Omeka.net is a web-publishing platform that is used to curate collections and to create digital exhibitions. Omeka.net is an offshoot of the powerful and popular content management system, Omeka (Omeka.org). Although Omeka.net provides the same functionality as Omeka, it is much easier to use and install, as it does not require the user to provide hosting or to look after their installation. However, it is limited in that using more than 500MB of space requires the user to pay for an account. Therefore, the free 500MB account is perfect for smaller projects, but for larger ones, it would perhaps be wiser to upgrade your account or to use Omeka.org.
Omeka is designed for the display of library, museum, archives, and scholarly collections and exhibitions and Omeka.net makes it easy to show off the items housed in your collection. You can even tell a story about an item using their exhibits plug in. The tool is useful for historians who wish to display key documents, archivists who would like to organize artifacts into categories, and professors, such as in English Literature and History, who want their students to learn about the multitude of choices that go into assembling historical collections.
Librarians would also find this tool useful for curating a collection that they want mounted on the web. One cool feature about Omeka.net is that it allows the user to digitize anything- physical objects, photographs, people…or even ideas! One cool example of the later is the Image of Research site that is shown here. The Image of Research is a multidisciplinary competition that celebrates the diversity and breadth of graduate and undergraduate student research at the University of Illinois at Urbana-Champaign. Graduate and undergraduate students submit entries consisting of an image and brief text that articulates the connection between their image, text, and research. One of the semi-finalist entries last year is pictured below:
Another aspect of Omeka.net that makes it useful to librarians is that it employs metadata standards. In other words, it allows for complete control over how each item is catalogued in the collection. Objects in the collection can be cataloged with Dublin Core metadata fields and even georeferenced for display on a map. One example of how libraries have used Omeka.net to georeference an item in their collection is evident at Virginia Tech Special Collections Online. The map below showcases Richard Colburn’s travels using dates from his diary, which is part of their special collections (for an image of the map, see screenshot below).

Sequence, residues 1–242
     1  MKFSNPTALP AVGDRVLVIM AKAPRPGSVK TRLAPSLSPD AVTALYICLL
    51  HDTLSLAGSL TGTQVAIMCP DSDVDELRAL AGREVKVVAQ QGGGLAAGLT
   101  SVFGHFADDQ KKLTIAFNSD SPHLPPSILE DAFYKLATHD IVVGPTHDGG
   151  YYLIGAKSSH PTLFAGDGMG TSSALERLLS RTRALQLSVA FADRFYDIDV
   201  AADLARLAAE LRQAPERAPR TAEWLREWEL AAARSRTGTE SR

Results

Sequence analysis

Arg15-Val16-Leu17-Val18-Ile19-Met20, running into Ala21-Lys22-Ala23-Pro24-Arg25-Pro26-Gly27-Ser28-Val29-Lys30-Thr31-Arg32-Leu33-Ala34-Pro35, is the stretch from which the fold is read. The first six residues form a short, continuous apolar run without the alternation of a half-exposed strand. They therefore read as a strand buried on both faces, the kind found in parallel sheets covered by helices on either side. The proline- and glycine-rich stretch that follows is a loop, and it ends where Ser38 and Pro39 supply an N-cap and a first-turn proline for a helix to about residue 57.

Omeka.net is also relatively customizable. These sites come with a few built-in themes which define how the website looks including colour, font size, layouts, etc. However, unlike with other CMS’s, such as Drupal, for example, you cannot control every element of your site’s appearance (for more control over site appearance, users should install Omega.org). In comparison to Drupal Gardens, for example, another open source CMS that runs in your web browser, the options for customization seem quite limited – there are only a few theme options for your project.
Omeka.net also includes several plugins that would be helpful for librarians. A few of these include COinS (which makes objects in Omeka accessible to citations management software, like Zotero), HTML5 Media (to play audio and video), and Library of Congress Suggest (which will auto-populate fields with LoC authority and subject headings). For an open source tool, it allows librarians remarkable control over the items in their collection.
Overall, Omeka.net is a handy tool for librarians, archivists, historians, and digital humanities enthusiasts alike who want to dabble with Omeka software and try their hand at building and showcasing a digital collection.
Tool at a Glance:
- Free/open source content management system
- No installation required (runs in web browser)
- Ease of use
- Uses Dublin Core metadata standards
- Limited space for free account (500MB)
- Not very customizable (themes and plug ins)
“Visualizing the Flow of Knowledge.” Image of Research, n.d. Web. 22 July 2015. Retrieved from http://imageofresearch.omeka.net
“Richard Colburn Diary.” Virginia Tech Special Collections Online, n.d. Web. 20 July 2015. Retrieved from https://digitalsc.lib.vt.edu/neatline/show/richard-colburn-diary